6 Must-Reads About Leadership

January 31, 2018

As anyone who has found themselves in a leadership role can tell you, there is no “one way” to become an effective leader. While there are truisms like “treat people with respect” or “listen and learn,” the formula that works best for each leader is unique, figured out by trial and error. Leaders continuously adjust to new circumstances, picking things up along the way.

There isn’t one single recipe or formula for success, but listening to the experiences of leaders and keeping up with contemporary research into the ever-changing world of leadership can provide fresh insights and actionable ideas.

At InfoWorks, we seek to stay updated on new articles about leadership. Here are six additions to our ongoing series of “must-reads” covering new research or interesting opinions and perspectives:

  1. You Don’t Just Need One Leadership Voice – You Need Many, from the Harvard Business Review

Developing your leadership voice is a journey of self-discovery. This article explores how leaders can find their voice and adapt it to communicate effectively in a variety of business situations.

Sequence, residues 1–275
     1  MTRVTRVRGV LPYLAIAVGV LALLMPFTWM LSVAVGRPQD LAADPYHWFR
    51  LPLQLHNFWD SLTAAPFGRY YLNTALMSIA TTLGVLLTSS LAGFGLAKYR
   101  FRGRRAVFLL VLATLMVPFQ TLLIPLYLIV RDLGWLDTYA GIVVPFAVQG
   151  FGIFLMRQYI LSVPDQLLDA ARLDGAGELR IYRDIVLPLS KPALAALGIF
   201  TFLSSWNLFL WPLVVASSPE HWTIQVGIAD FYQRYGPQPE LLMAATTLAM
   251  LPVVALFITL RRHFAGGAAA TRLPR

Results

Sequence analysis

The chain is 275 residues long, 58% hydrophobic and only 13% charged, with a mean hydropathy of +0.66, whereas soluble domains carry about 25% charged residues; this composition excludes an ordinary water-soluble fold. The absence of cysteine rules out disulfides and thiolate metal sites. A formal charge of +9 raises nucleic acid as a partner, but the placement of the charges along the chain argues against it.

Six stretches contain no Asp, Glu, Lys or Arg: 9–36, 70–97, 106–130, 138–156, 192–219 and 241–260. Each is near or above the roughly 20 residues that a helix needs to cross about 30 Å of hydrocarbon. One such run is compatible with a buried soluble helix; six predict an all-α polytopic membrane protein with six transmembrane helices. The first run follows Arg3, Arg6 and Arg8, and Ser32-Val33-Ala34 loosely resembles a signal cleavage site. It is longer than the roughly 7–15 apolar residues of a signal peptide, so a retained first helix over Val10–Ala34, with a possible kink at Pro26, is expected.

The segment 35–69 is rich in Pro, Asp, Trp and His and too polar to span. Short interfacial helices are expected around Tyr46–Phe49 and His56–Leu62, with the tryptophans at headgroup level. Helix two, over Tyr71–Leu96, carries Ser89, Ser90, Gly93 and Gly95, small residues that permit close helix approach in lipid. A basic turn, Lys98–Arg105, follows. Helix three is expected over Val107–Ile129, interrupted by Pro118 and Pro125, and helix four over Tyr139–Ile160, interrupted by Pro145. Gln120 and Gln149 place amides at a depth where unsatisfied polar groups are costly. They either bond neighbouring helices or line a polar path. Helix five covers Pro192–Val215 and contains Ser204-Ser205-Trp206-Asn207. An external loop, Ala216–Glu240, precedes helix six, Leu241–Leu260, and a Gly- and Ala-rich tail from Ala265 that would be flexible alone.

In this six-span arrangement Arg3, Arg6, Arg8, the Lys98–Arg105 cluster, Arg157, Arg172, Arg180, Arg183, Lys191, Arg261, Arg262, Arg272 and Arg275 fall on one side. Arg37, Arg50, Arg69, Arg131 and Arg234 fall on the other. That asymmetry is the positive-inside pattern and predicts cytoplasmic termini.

1. Op-Ed: 5 Ways Millennial Leaders are Surprising, from CNBC.com

Millennials are entering leadership roles at increasing rates. What are the needs and expectations of these new leaders? Here are five interesting findings from research comparing millennial leaders to older generations of leaders and to current CEOs.

  1. How to Be a C.E.O., From a Decade’s Worth of Them, from the New York Times

In Adam Bryant’s last “Corner Office” column in the New York Times, he shares the lessons learned from the 525 chief executives he has interviewed over the years.

  1. 15 Questions to Ask as Part of Your Own Leadership Audit, from Forbes

A leadership audit can help you find areas where you excel as a leader and areas where you have opportunities to improve. Forbes asked 15 leaders to contribute the one question they would want included in an audit. Their answers are illuminating and instructive.

  1. The Downside of Transparent Decision Making, from Kellogg Insight

Today’s leaders are expected to be transparent, or at least it is hoped they will be. This research from the Kellogg School of Management examines how transparency affects the decision-making process. Their conclusions provide important insights for leaders.

  1. Why Leaders are Made, Not Born, from Knowledge@Wharton

This is an interview with author Nancy Koehn about her book Forged in Crisis, which tells the stories of five inspiring historical figures who showed great leadership ability and strength in volatile times.

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